As we dip into the second week of December, with the Brexit-deal deadline looming, things are slowly picking up. A positive announcement has been made by the Irish foreign minister, yesterday, welcoming the EU-UK agreement on how to implement the Northern Ireland protocol after the UK announced it is to abandon some clauses in legislation that the government signed last year and one that would have had the UK breaking international law. Under this recent announcement, Northern Ireland is going to remain in the single market.
A “very tricky” situation
Many believe that having the EU and the UK reach an agreement regarding this matter helps to push things forward and increases the likelihood of the two parties striking a deal at the end of the month.
However, according to the prime minister himself, things are still “very tricky”. There is still no agreement on the fishing rights, business competition rules and guidelines on how the deal will be enforced. According to a UK government source, the talks between Barnier and Gove have had no real progress since last Friday and so they need to continue politically.
Boris Johnson and Ursula von der Leyen had a 40-minute conversation on the phone on Monday where they addressed all the aforementioned matters. Unfortunately, this too failed to move negotiations forward. It has now been confirmed that the UK leader and the head of the European Commission will meet in person today to continue these intensive discussions. Mr Johnson is to travel up to Brussels after the weekly Prime Minister’s Questions.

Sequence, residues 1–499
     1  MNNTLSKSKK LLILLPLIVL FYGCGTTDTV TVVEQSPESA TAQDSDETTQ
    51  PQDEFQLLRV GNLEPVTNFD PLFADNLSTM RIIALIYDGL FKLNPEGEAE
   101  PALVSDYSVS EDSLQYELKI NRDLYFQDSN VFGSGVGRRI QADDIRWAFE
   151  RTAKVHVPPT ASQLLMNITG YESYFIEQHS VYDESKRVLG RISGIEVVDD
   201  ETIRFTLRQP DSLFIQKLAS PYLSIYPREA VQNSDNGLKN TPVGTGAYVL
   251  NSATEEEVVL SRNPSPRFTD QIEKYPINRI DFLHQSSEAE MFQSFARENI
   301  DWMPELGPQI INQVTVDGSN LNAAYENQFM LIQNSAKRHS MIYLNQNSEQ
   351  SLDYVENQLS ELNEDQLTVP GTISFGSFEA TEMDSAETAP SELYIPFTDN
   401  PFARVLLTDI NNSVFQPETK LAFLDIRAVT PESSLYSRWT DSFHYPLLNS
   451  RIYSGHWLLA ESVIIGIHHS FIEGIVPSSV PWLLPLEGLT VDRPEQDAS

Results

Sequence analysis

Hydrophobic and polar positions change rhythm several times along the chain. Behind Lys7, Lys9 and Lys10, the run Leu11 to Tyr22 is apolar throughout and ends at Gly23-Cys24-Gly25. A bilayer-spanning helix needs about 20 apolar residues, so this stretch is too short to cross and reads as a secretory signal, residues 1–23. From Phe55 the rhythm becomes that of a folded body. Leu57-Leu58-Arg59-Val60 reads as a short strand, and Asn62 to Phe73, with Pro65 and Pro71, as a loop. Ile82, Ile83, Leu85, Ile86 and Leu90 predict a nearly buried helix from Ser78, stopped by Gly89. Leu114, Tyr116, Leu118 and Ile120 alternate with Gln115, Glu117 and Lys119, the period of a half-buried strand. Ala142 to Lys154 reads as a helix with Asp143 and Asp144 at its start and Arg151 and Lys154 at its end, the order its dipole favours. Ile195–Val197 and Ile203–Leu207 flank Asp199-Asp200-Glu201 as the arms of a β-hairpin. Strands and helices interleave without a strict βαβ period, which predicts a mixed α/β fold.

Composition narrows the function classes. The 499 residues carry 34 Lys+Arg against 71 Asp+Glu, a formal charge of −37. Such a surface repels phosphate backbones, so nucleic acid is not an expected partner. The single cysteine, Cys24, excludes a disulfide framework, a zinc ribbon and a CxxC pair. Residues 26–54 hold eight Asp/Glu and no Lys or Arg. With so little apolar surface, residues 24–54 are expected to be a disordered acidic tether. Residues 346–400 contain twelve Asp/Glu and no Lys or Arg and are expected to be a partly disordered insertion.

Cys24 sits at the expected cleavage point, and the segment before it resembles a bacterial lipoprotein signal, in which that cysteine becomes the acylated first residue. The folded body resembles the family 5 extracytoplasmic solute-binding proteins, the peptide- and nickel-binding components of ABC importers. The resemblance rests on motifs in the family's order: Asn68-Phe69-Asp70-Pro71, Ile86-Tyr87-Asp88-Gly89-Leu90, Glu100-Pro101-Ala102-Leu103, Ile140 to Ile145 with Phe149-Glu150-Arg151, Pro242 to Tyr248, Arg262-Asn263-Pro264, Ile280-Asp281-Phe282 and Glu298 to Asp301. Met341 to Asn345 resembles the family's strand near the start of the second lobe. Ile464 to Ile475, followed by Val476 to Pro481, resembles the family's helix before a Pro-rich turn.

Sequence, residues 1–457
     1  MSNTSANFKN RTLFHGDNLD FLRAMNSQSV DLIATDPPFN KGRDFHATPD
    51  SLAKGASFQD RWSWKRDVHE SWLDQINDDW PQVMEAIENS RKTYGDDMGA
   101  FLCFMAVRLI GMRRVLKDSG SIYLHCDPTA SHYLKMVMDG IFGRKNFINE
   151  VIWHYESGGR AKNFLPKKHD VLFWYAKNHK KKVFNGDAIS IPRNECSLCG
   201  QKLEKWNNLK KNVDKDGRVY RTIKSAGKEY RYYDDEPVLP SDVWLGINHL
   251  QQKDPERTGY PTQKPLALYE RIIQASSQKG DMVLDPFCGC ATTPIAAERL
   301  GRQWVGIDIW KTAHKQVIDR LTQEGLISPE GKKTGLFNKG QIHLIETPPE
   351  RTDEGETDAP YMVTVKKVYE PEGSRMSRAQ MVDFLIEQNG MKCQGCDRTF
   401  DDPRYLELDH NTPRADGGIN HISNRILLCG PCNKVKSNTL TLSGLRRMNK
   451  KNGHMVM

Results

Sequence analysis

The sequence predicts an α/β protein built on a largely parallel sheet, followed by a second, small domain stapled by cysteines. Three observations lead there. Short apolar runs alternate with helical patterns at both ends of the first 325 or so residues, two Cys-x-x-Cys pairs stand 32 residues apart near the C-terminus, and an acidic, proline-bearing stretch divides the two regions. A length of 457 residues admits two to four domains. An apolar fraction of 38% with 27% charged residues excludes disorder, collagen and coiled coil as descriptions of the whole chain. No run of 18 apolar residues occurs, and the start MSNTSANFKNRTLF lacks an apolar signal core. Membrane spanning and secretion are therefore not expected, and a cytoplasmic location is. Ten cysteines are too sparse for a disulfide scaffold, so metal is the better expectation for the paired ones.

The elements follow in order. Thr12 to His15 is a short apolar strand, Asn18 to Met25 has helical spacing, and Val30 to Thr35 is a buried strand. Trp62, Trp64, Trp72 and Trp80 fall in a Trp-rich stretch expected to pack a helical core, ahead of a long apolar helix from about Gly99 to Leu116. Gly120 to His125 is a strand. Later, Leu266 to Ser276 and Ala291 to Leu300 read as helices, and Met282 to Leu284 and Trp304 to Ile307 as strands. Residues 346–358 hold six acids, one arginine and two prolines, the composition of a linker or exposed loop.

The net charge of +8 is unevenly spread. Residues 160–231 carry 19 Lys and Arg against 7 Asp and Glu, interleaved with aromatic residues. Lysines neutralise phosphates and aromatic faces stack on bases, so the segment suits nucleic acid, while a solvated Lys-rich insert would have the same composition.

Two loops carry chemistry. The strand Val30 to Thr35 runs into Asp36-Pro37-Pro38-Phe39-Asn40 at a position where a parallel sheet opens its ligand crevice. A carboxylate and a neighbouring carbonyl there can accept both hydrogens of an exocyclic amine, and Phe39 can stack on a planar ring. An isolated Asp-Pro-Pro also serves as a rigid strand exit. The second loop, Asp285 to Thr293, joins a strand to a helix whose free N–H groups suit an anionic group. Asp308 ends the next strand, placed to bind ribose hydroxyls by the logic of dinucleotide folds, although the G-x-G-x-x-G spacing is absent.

Both parties remain optimistic that a deal can be reached in time. The EU claims it is not preparing for a no-deal outcome. However, it has also suggested that if no agreement can be reached before the end of the year, they would be willing to carry on negotiating in January.
Businesses fearing the final outcome
If an agreement is not reached in time, both parties, the UK and all 27 EU member states will impose import charges on all goods from the new year.
Many businesses have complained about the little information they have received throughout the process. The head of Toyota’s European business has admitted that a no-deal exit will have a “very negative” impact on their UK production plants.
Johan van Zyl fears they would become uncompetitive due to increased costs caused by tariffs. “If 90% of what you produce in the UK is exported to the EU, and you’ve got to do it at a duty, then you’re not competitive. You will not be able to compete with plants in Europe. So it is a very difficult situation,” he said, adding “But let’s see what the outcome of the negotiations is, then we can really decide what we’re going to do.”
According to Toyota Europe’s boss, the company prepared as much as it possibly can with the information that they have, but not much else can be done until the outcome is clear. Just like Toyota, we have been helping our clients to prepare, too. If you’re ready to make the transition, to whatever the new year brings, smoother, with our assistance on all the regulations and customs clearance after Brexit , get in touch today!